Laureys does not seem to appreciate that he is claiming here that he has overturned 20 years of FC research showing that it is not legitimate. You cannot casually claim from a single case that you have demonstrated a highly implausible phenomenon that has previously been rejected by carefully controlled studies. What are the details of this new case he is referring to? Is is really FC? I could find nothing published, and there are no further details in the report. It is possible that the reporting itself is inaccurate – this requires further follow up.

The rest of the Spiegel article deals with the very legitimate and interesting research of Laureys and others involving attempts at using various brain imaging technology to better assess, and possibly even communicate with those who are locked in or in a minimally conscious state. I discussed this research recently here. This article adds a discussion of the research of Marie Bruno – who is using EEGs (electroencephalogram) to communicate. The idea is that the EEG can detect difference in brain wave activity in different brain states voluntarily created by the subject. The method is still crude, and will likely require years of research to become useful. But it is promising.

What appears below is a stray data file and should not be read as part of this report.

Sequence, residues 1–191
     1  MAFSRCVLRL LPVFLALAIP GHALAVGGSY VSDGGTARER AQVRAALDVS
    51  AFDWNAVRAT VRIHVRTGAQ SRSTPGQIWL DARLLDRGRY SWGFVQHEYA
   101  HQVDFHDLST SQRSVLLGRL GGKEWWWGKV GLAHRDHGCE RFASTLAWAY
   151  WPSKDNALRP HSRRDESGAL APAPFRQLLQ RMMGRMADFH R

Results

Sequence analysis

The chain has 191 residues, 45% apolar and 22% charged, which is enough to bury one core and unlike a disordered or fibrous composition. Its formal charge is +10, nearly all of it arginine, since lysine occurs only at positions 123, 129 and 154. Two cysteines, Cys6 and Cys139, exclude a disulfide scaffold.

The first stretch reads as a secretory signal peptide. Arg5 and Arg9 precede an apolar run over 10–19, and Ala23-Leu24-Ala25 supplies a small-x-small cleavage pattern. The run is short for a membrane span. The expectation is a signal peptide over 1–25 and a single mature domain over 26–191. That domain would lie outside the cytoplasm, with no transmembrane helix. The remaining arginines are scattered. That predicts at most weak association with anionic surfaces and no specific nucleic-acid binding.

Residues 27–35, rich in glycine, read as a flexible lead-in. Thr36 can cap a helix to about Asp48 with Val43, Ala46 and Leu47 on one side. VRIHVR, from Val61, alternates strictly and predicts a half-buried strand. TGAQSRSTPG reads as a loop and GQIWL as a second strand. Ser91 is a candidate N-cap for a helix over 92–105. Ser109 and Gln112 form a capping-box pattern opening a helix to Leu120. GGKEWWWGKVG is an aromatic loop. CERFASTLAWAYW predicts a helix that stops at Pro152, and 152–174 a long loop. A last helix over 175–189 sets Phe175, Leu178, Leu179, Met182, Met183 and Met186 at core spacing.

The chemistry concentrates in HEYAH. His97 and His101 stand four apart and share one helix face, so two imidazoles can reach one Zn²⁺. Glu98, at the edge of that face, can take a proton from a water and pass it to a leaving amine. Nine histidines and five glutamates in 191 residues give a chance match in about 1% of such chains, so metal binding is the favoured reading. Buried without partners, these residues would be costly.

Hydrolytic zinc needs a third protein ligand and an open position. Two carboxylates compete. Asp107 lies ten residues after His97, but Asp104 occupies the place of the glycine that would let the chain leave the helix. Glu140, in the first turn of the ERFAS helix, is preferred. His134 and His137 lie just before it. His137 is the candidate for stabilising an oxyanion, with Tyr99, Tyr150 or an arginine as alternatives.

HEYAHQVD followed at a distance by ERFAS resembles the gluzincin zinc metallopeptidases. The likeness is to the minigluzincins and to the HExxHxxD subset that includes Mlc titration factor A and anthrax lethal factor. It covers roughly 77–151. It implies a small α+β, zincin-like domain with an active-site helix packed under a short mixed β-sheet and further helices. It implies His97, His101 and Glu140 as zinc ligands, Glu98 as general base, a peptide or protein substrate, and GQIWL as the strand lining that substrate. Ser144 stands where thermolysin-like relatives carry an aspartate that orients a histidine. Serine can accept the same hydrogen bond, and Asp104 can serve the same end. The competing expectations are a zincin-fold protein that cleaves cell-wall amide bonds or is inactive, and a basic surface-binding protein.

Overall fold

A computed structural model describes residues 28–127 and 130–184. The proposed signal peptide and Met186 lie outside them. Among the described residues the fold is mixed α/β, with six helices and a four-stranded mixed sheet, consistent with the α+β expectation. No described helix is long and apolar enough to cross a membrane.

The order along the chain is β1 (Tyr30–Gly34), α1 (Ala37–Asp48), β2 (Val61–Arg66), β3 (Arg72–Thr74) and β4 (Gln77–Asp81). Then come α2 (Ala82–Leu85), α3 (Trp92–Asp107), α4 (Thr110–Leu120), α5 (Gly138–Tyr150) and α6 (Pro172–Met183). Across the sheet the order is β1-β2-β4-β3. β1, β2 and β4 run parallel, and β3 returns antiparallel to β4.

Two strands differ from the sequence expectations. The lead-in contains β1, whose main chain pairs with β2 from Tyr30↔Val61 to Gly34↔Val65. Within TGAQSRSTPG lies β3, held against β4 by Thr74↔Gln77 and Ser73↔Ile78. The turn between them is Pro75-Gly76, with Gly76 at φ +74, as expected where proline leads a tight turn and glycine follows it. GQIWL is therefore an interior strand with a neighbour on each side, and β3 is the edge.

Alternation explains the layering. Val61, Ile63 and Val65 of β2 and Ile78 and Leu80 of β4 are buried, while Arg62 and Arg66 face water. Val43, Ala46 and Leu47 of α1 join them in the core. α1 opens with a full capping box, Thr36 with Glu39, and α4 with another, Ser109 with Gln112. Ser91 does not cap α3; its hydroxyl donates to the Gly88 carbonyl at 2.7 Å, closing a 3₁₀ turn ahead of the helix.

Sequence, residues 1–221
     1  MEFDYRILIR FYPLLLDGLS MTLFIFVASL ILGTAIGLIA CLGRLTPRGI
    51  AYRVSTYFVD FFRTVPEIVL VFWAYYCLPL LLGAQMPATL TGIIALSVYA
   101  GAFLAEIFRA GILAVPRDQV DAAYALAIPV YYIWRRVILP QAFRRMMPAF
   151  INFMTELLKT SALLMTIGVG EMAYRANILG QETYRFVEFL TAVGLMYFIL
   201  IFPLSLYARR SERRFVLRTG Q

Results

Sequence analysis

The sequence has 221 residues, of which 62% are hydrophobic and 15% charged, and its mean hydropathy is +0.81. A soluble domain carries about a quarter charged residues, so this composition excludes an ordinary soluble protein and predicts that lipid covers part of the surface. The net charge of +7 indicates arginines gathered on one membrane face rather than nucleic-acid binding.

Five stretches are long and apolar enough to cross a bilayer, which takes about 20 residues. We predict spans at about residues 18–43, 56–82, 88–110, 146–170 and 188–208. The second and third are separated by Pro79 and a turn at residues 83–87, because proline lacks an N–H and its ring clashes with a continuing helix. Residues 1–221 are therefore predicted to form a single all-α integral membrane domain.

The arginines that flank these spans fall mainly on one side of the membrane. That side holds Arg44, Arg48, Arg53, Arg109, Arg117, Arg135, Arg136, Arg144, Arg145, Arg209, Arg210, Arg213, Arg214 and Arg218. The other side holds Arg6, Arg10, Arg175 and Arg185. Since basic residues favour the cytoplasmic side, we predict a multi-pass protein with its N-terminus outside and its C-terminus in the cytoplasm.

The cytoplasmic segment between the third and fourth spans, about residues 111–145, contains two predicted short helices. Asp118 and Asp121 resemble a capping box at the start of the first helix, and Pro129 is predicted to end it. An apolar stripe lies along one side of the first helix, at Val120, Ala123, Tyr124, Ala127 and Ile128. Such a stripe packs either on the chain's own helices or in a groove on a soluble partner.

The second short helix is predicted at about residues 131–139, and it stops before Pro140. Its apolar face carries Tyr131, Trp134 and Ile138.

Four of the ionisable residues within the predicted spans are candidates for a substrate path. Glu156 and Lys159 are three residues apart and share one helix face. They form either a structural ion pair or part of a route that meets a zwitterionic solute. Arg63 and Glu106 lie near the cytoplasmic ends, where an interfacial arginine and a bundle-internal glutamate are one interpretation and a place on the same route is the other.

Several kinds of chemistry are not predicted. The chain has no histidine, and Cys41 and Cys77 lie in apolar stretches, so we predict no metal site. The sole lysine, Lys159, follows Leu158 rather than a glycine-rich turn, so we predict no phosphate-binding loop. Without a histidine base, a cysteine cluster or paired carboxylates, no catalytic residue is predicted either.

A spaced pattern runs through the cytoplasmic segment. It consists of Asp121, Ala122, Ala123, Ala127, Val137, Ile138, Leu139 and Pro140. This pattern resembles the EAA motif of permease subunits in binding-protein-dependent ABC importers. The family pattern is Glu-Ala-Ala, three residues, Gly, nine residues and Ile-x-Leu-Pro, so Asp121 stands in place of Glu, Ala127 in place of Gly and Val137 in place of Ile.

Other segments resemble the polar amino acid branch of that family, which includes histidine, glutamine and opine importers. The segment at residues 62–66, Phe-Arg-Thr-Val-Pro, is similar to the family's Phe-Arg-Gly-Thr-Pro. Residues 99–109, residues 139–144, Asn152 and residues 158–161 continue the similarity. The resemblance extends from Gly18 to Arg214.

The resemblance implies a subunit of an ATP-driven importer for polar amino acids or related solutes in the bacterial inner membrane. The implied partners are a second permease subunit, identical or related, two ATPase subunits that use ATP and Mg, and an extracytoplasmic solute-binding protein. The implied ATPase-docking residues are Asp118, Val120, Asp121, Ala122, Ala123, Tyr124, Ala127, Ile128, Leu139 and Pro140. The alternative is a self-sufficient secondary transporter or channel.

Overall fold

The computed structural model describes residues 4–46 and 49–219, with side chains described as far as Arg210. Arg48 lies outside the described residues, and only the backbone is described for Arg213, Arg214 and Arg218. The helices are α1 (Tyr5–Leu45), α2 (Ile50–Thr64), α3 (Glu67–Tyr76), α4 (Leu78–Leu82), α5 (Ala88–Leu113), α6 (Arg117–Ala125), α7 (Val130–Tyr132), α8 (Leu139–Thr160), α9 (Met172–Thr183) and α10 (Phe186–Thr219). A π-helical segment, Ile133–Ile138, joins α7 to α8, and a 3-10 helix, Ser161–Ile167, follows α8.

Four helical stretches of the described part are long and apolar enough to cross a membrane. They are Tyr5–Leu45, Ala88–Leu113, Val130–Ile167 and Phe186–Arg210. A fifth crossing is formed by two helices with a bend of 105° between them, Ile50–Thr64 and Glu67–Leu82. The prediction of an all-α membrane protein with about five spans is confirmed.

Rom Houben’s story has grown to encapsulate the plight of those with disorders of consciousness, our attempts to better assess and communicate with them through advancing technology, and the mischief that can still be caused by lingering pseudosciences. It is truly a scandal that FC is still around. Like homeopathy, therapeutic touch, and many similar medical pseudosciences – their persistence is not a failure of science, which has adequately shown them to be nothing but illusions, but rather of collective rationality

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14 Responses to “Dr. Laureys Admits Facilitated Communication Failure”

  1. Dave says:

    Excellent article, gives a good summary of what FC is and why it’s nonsense !

  2. Robo Sapien says:

    If FC were truly plausible, then there would be no need for a therapist, as a simple Ouija board would suffice.